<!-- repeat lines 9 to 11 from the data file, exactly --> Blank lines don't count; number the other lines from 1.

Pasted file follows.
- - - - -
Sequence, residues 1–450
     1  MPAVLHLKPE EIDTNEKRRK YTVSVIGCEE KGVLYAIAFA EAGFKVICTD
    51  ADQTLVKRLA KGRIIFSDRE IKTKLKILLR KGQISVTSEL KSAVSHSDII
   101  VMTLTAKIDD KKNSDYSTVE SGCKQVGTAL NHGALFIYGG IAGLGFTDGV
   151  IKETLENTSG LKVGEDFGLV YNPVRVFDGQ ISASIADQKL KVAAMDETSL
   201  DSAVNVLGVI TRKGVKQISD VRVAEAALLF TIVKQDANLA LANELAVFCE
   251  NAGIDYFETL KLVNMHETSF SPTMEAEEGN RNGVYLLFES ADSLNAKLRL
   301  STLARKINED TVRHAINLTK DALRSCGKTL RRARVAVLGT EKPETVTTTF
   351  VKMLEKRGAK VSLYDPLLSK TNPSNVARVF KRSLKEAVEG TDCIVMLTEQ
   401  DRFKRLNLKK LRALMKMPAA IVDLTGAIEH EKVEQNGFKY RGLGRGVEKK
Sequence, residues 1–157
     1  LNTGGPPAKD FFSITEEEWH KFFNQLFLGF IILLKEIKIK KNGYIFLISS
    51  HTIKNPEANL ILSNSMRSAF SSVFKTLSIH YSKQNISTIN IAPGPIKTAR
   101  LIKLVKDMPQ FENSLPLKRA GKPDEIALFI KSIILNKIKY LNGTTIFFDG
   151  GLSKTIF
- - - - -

   351  VKMLEKRGAK VSLYDPLLSK TNPSNVARVF KRSLKEAVEG TDCIVMLTEQ
   401  DRFKRLNLKK LRALMKMPAA IVDLTGAIEH EKVEQNGFKY RGLGRGVEKK
Sequence, residues 1–157